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Sharing Big Data Safely

Book Description

Many big data-driven companies today are moving to protect certain types of data against intrusion, leaks, or unauthorized eyes. But how do you lock down data while granting access to people who need to see it? In this practical book, authors Ted Dunning and Ellen Friedman offer two novel and practical solutions that you can implement right away.

Table of Contents

  1. Preface
    1. Preface
    2. Who Should Use This Book
  2. 1. So Secure It’s Lost
    1. Safe Access in Secure Big Data Systems
  3. 2. The Challenge: Sharing Data Safely
    1. Surprising Outcomes with Anonymity
    2. The Netflix Prize
    3. Unexpected Results from the Netflix Contest
    4. Implications of Breaking Anonymity
    5. Be Alert to the Possibility of Cross-Reference Datasets
    6. New York Taxicabs: Threats to Privacy
    7. Sharing Data Safely
  4. 3. Data on a Need-to-Know Basis
    1. Views: A Secure Way to Limit What Is Seen
    2. Why Limit Access?
    3. Apache Drill Views for Granular Security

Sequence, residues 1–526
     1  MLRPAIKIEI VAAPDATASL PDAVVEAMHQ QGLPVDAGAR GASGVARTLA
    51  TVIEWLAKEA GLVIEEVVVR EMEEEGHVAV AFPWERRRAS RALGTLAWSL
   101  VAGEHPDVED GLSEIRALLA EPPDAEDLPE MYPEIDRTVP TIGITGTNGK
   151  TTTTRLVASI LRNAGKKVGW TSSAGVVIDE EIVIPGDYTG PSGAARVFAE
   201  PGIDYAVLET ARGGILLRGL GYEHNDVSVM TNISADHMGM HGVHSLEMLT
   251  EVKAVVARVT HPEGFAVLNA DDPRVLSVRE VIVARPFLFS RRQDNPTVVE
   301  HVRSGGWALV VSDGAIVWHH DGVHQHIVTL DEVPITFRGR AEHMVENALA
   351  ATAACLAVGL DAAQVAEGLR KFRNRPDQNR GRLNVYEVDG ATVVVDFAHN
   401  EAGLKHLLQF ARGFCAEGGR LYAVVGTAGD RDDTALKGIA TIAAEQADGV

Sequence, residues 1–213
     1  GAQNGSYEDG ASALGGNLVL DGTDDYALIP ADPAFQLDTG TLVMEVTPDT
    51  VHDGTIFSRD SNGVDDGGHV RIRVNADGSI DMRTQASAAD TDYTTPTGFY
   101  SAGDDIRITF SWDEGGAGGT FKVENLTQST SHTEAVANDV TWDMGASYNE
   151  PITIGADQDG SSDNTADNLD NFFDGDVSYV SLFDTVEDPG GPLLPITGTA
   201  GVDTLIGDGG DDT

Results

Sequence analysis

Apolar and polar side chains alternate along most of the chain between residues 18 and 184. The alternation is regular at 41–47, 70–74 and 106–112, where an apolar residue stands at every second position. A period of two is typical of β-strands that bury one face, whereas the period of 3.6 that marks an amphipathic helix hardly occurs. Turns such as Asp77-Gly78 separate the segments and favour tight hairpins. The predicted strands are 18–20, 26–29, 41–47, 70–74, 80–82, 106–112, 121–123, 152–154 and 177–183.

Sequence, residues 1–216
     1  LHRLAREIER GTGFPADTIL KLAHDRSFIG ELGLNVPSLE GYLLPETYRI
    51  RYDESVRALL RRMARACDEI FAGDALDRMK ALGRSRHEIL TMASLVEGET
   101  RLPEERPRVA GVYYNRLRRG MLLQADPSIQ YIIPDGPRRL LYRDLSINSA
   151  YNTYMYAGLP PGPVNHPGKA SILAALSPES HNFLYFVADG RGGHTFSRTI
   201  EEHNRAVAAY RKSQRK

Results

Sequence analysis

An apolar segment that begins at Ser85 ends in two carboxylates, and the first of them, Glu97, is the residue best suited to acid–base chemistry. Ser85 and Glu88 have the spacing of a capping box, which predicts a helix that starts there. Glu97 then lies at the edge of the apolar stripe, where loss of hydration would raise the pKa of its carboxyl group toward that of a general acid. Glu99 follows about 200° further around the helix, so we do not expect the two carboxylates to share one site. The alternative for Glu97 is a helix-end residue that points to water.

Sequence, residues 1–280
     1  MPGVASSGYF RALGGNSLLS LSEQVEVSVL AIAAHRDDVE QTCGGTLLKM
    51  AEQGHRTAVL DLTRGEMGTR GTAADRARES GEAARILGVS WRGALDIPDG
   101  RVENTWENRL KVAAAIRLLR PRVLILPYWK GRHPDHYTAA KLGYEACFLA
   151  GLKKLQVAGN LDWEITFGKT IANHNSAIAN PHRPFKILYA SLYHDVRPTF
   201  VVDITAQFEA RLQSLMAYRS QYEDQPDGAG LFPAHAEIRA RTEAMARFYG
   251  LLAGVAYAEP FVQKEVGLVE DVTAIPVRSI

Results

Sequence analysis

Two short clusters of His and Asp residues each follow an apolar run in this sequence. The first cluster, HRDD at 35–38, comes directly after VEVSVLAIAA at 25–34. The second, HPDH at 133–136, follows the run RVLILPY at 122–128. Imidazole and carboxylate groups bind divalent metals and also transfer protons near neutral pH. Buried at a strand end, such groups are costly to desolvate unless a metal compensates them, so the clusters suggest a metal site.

4. How Views Work
    5. Summary of Need-to-Know Methods
  5. 4. Fake Data Gives Real Answers
    1. The Surprising Thing About Fake Data
    2. Keep It Simple: log-synth
    3. Log-synth Use Case 1: Broken Large-Scale Hive Query
    4. Log-synth Use Case 2: Fraud Detection Model for Common Point of Compromise
      1. What Thieves Do
      2. Why Machine Learning Experts Were Consulted
      3. Using log-synth to Generate Fake User Histories
    5. Summary: Fake Data and log-synth to Safely Work with Secure Data
  6. 5. Fixing a Broken Large-Scale Query
    1. A Description of the Problem
    2. Determining What the Synthetic Data Needed to Be
    3. Schema for the Synthetic Data
    4. Generating the Synthetic Data
    5. Tips and Caveats
    6. What to Do from Here?
  7. 6. Fraud Detection
    1. What Is Really Important?
    2. The User Model
    3. Sampler for the Common Point of Compromise
    4. How the Breach Model Works
    5. Results of the Entire System Together
    6. Handy Tricks
    7. Summary
  8. 7. A Detailed Look at log-synth
    1. Goals
    2. Maintaining Simplicity: The Role of JSON in log-synth
    3. Structure
    4. Sampling Complex Values
    5. Structuring and De-structuring Samplers
    6. Extending log-synth
    7. Using log-synth with Apache Drill
    8. Choice of Data Generators
    9. R is for Random
    10. Benchmark Systems
    11. Probabilistic Programming
    12. Differential Privacy Preserving Systems
    13. Future Directions for log-synth
  9. 8. Sharing Data Safely: Practical Lessons
  10. A. Additional Resources
    1. Log-synth Open Source Software
    2. Apache Drill and Drill SQL Views
    3. General Resources and References
      1. Cheapside Hoard and Treasures
      2. Codes and Cipher
      3. Netflix Prize
      4. Problems with Data Sharing
      5. Additional O’Reilly Books by Dunning and Friedman